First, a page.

The eastern Democratic Republic of the Congo is currently facing a crisis, with nearly seven million people displaced due to renewed conflict with rebels from the March 23rd Movement (M23). This is a record high for a country that has suffered from decades of violence. The International Organization for Migration has announced this grim situation ahead of the DRC’s presidential election, where incumbent President Felix Tshisekedi will be facing off against 20 opposition candidates.
The displaced people are facing numerous challenges, including lack of access to basic services and sheltering in rebel-held territory. The provincial capital of North Kivu, Goma, is experiencing high tensions as the voting day approaches. Many displaced individuals are angry at the government for failing to bring permanent peace and help them in their time of need.
Innocent Tumaini, the camp-elected president of an informal site in Munigi, has been living there for over a year after fleeing fighting in his home district of Rutshuru. He has highlighted the unsanitary conditions, lack of food, and fear of violence that the displaced people are facing. The persistent conflict has led to a situation where many people are unable to vote.
The conflict with M23 and the government-aligned militias has led to a temporary lull in hostilities, followed by renewed fighting. The government’s reliance on the Wazalendo to fight M23 has not been successful, and the conflict is escalating. The M23, primarily composed of DRC members of the Tutsi ethnic group, claims to fight for their rights and protection, while the government is reluctant to negotiate with them.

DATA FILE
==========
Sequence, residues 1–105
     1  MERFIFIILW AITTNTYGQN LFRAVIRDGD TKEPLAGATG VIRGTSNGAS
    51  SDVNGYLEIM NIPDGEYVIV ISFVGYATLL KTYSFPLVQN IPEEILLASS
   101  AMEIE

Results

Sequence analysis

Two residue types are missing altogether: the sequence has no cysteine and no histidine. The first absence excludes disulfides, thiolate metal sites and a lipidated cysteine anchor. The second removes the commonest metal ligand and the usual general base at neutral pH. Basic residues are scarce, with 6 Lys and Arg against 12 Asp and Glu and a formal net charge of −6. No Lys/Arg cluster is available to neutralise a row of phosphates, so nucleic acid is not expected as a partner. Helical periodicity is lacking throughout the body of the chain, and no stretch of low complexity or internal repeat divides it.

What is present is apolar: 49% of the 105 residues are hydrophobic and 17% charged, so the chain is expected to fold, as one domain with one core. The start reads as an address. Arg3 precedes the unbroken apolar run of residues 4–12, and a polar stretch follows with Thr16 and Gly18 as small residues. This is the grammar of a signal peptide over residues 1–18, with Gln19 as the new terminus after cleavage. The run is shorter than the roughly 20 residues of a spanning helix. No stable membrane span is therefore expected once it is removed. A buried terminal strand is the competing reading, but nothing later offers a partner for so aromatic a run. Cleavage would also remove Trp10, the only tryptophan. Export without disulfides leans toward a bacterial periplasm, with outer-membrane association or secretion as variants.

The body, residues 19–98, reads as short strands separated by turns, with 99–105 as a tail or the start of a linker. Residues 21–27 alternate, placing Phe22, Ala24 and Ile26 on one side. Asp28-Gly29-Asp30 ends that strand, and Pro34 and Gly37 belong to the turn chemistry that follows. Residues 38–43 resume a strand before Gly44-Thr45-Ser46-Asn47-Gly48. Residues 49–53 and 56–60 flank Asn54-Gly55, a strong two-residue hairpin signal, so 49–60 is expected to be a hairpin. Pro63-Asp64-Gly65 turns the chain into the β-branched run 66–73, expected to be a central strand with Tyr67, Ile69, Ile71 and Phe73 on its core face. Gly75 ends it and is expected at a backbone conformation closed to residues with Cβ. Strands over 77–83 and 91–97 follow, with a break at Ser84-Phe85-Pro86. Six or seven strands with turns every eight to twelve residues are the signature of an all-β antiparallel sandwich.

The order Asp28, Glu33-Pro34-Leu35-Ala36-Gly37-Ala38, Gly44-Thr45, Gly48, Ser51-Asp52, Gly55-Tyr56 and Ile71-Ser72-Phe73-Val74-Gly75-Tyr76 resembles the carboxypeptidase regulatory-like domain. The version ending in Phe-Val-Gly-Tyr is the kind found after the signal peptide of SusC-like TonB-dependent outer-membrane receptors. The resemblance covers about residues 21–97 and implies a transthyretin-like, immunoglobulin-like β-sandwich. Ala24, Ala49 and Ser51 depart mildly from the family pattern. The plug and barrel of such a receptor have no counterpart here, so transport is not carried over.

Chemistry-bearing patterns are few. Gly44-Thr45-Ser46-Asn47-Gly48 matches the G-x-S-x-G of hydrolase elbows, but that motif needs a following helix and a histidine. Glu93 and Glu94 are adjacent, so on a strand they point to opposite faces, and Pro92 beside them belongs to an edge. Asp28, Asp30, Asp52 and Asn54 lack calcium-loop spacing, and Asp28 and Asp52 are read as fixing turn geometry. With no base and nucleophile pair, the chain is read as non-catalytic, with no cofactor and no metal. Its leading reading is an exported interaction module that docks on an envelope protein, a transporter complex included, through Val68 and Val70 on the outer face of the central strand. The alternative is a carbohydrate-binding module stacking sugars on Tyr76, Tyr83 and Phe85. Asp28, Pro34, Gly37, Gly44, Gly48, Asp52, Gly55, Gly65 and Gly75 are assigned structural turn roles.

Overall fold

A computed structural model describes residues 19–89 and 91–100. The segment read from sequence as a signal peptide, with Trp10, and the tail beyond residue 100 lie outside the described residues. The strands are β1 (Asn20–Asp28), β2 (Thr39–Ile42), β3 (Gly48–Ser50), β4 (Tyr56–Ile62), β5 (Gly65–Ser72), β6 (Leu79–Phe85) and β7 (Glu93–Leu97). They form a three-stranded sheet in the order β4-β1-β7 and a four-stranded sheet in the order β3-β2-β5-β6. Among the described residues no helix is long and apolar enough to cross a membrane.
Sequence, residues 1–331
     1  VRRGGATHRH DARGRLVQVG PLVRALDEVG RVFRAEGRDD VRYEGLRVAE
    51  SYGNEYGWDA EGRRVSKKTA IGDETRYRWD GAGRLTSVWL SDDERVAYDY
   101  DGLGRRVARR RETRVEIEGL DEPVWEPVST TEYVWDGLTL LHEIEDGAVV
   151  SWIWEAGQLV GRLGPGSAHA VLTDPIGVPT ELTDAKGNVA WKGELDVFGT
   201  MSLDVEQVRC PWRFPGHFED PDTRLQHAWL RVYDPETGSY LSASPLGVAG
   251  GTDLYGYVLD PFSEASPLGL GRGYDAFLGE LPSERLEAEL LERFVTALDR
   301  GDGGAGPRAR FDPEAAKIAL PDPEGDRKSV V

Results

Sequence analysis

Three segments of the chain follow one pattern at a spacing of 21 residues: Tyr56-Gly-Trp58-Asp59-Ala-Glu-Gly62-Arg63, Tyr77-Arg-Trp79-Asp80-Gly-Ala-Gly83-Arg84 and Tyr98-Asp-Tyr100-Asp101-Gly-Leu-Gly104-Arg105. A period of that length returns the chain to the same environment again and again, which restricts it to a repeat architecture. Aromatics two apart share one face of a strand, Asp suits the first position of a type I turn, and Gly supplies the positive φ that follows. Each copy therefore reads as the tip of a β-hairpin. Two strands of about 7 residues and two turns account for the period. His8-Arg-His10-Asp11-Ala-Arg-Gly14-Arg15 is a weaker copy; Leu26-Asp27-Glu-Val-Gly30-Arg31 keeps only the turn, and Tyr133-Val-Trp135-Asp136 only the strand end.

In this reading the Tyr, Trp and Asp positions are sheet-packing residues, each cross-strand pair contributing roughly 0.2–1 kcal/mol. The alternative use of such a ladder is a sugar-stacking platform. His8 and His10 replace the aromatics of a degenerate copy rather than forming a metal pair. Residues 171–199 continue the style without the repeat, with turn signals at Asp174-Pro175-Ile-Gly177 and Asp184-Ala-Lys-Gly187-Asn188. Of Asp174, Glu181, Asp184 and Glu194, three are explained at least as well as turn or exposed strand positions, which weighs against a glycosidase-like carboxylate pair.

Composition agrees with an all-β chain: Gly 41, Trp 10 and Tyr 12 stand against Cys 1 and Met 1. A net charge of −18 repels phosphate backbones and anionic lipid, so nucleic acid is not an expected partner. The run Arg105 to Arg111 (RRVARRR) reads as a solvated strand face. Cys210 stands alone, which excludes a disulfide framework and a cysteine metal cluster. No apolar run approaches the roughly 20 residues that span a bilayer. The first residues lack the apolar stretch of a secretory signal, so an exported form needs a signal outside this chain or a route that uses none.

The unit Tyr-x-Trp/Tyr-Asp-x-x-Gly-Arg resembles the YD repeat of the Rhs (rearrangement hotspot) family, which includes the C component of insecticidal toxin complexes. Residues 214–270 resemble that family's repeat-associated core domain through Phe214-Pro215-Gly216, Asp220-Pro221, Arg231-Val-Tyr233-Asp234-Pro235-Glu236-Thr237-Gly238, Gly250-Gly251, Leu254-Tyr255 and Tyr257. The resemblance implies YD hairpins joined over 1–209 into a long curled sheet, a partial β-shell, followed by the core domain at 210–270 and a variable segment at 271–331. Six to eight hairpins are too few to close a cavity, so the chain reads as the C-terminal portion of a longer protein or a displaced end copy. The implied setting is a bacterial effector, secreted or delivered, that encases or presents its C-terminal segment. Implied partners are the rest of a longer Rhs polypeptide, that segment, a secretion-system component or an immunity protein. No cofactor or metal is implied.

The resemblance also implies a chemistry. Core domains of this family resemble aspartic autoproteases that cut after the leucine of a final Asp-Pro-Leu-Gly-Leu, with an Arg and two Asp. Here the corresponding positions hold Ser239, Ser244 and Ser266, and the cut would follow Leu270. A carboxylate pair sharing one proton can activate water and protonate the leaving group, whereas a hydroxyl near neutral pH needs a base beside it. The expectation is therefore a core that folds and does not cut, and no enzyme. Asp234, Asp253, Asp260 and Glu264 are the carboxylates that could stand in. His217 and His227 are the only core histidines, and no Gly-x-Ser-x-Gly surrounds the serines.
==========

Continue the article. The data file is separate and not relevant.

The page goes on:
The situation has led to a humanitarian crisis, with over 600,000 people already sheltered in crowded and makeshift camps near Goma before the ceasefire broke. Humanitarian organizations are struggling to respond to the crisis, and the displaced continue to arrive, seeking shelter and support. The conditions in the camps are dire, with reports of illness and death due to lack of basic necessities.
The upcoming election is facing challenges, as many displaced individuals have not been able to register to vote due to insecurity and rebel control of certain areas. The election discourse has been dominated by questions of conflict and security, with promises of peace and stability being made by both the incumbent president and opposition candidates.
The situation in eastern Congo is complex, with over 120 armed groups fighting for land and political control. This has impacted the ability of local populations to take part in the election, with some areas under rebel control making voting impossible. The upcoming election is facing challenges, and the government’s response to the crisis will be crucial in addressing the needs of the displaced population and ensuring a fair and peaceful election process.
News, World, Politics